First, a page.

80% of adults in the U.S. carry some form of debt. That’s the average across all adult age brackets, from Baby Boomers all the way to Millennials. The latter, however, has the greatest number of those in debt, at 81.5%.
What’s more surprising is how much of what we owe is money we’ve never even seen nor touched.
That’s right. Our love for plastic but lack of debt repayment plan has led to credit card debts soaring past $1 trillion in 2017. Doing the math, that means an average consumer carries almost $6,400 in credit card balances alone.
That’s only the average for credit card debts. It doesn’t include mortgage, student loans, and other personal debts. To give you an idea, those within the 35 to 44 age bracket have an average total debt of $133,100!
Seems too big to repay? Keep reading then to learn how debt repayment is achievable!
1. Face the Truth and Look at the Actual Numbers
Let’s get one thing straight first: Borrowing isn’t a bad thing. But not having a plan to repay it is a different story.
This lack of repayment plan is what gets many of us into trouble. Not knowing where we stand in our financial obligations makes it easy to think we can take on more debts. As such, the first step to start ridding yourself of debts is to take a long hard look at how much you owe.
This may seem terrifying. But a clearer picture is what it takes to prompt and motivate you to take back control of your finances.
Start by creating a spreadsheet listing all your debts down. To make the tables easy-to-understand, create a row for each of the following:
- Creditor – The person or party you owe money to
- Minimum Payment – The amount you need to pay to avoid surcharges
- Repayment Frequency – This can be weekly, monthly, etc.
- Interest Rate
- Total Debt – The actual amount of money you owe, including interest
It’ll be easier for you to determine where exactly you stand by organizing your debts into a table like this. Make sure you include all your debts, and not only those on your credit cards.
Let’s say you’re one of the 44 million student loan debtors in the country. Then details about this loan should show up on your debt repayment spreadsheet. Personal loans, like those you owe family and friends, should also appear in your final list.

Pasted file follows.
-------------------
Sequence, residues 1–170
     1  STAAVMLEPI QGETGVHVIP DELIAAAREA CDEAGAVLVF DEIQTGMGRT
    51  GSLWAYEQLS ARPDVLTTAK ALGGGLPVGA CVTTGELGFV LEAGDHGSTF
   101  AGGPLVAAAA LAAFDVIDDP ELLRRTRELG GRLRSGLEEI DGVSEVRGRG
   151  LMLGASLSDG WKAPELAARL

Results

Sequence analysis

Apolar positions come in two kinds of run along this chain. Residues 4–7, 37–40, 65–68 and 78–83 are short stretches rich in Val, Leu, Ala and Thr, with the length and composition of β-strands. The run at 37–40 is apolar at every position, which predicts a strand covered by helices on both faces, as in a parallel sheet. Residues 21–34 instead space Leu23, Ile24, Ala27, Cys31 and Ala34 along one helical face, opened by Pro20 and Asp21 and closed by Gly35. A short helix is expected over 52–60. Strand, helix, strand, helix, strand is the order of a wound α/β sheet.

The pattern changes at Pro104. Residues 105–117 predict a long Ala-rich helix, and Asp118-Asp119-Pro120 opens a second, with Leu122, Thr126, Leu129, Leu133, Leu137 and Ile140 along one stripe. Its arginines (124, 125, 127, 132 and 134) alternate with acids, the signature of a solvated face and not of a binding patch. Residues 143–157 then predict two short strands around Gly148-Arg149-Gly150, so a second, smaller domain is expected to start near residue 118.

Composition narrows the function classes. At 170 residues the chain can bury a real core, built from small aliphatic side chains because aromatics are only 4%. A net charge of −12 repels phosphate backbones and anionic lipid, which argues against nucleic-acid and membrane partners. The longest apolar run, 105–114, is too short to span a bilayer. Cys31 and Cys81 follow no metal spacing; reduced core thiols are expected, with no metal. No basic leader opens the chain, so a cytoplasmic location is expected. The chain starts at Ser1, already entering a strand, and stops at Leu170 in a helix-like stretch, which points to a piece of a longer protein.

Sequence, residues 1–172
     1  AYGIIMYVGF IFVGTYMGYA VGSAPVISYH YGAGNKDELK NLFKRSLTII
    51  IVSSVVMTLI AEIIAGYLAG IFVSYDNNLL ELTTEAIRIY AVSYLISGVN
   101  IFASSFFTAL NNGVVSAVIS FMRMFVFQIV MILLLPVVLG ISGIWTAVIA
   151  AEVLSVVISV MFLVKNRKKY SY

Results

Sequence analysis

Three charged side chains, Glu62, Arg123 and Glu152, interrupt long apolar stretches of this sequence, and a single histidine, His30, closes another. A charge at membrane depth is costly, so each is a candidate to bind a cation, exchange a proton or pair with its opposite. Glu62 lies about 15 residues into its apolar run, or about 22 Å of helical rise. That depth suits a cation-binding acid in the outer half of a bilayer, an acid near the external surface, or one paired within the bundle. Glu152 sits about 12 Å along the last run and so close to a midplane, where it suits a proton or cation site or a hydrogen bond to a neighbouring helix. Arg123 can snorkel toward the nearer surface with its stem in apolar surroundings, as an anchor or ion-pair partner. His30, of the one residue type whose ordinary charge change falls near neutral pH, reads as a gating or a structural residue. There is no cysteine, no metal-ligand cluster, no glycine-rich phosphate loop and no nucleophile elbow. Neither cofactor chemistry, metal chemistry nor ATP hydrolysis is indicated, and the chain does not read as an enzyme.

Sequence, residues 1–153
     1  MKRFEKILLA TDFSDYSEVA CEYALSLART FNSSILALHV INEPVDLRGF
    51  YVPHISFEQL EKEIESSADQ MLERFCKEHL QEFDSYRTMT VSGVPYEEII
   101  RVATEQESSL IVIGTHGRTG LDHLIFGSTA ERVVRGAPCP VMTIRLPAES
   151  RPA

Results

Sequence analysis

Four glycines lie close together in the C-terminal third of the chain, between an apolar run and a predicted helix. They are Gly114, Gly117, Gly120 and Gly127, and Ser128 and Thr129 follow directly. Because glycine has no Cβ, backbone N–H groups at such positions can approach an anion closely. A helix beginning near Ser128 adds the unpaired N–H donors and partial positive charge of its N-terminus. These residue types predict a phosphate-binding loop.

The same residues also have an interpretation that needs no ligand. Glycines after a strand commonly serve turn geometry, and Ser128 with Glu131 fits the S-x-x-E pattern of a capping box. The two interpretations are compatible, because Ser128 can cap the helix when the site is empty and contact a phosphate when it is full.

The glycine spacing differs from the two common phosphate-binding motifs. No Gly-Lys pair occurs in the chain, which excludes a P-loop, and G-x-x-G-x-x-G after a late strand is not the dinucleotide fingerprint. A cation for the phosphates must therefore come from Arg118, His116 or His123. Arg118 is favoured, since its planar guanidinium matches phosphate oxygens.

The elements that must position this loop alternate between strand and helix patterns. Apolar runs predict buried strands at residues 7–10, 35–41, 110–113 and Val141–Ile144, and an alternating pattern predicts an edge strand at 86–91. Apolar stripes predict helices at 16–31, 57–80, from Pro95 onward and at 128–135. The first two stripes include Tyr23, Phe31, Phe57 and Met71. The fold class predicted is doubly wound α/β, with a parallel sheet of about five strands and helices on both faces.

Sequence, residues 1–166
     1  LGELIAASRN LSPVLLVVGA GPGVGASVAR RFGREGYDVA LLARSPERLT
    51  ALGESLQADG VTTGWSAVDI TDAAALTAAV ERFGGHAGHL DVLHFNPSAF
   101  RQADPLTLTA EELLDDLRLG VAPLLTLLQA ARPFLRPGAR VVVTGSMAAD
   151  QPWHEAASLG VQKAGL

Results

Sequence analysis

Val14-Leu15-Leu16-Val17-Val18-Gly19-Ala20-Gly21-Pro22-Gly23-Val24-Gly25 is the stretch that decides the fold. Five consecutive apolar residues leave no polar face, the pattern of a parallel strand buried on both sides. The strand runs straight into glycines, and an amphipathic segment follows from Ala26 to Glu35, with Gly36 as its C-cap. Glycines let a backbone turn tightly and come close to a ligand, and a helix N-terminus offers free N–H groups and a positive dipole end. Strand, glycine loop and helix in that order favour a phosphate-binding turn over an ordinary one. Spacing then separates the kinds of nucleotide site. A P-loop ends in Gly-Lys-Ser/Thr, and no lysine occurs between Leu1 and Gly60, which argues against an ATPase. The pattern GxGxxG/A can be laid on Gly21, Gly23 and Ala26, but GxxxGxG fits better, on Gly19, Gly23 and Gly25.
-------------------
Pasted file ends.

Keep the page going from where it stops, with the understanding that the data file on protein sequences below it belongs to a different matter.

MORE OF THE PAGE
2. Rank Debts Based on Which You Want to Pay First
Next, figure out which of your debts you want (and should) pay up first. Prioritizing the right debts can help prevent more interest from piling up.
So, how do you determine which one should go first? This still depends on you, but you may want to pay off those with higher interest rates first. Especially if what you currently owe has dwindled down to a smaller amount.
If you have several high-interest loans and credit card balances, it may be best to start with them. This way, you can at least prevent paying more in interest fees.
Your other option is to get rid of your small-balance loans first. Seeing your debt list grow smaller can already be a huge motivator. This can be a good option if you have a lot of these smaller loans.
3. Factor in Your Budget
So far, so good, right? But don’t forget that your debts aren’t the only things you’ll spend money on!
You have a long list of other expenditures, like home maintenance and transportation. There are also your utility bills, which can be pretty hefty too. U.S. residential electricity bills alone averaged $111.67 in 2017.
If you have private health and dental insurance, that’s also a monthly expense. You have to eat and have some fun too, right? If you have kids, childcare can quickly eat through your budget as well.
If you think that’s a lot, know that this is far from being an all-inclusive list. That’s why it’s best you also create a budget planner worksheet. This way, you can figure out how much extra money you can put towards paying off your debts.
4. Stick to One Debt at a Time
To make your debt payment plan succeed, focus your efforts on the first one on the list. Any extra cash you get, put it towards this debt but don’t forget to pay the minimum for the rest.
The reason you want to do this is because sticking to one debt makes it easier to repay the entire thing. More of the payment goes toward reducing the principal balance. At the same time, you pay less on the interest charges.
Spreading your payments over several loans likely means only paying off the interest. That won’t help you reduce the actual amount you owe. If you keep doing this, it’ll take a much longer time for you to get out of debt.
5. Boost Your Repayment Ability
In Step 4, we mentioned something about “extra cash”. If your main source of income doesn’t give you this, it’s time to look at other income generating options. You should also assess your spending and find out which ones you can cut back on.
If you’ve got time, consider a part-time job or work extra hours to get overtime pay. Another strategy is to sell pre-loved items you own. You can also do freelancing work, like blogging.
What’s important is to use the extra money you get from doing these things toward your debt repayment. You should also do the same with the money you get from tax returns and bonuses.
Get Started on Your Debt Repayment Plan Now
Paying off all your debts may seem like an impossible task now. But by sticking to a debt repayment plan, you’ll see that it’s 100% achievable. Paying off one debt may seem like a small victory, but it’s a victory nonetheless.
So, get started on paying back your debts ASAP! The sooner you do, the earlier you can enjoy a debt-free life. Use our free debt calculator now to help you do the math!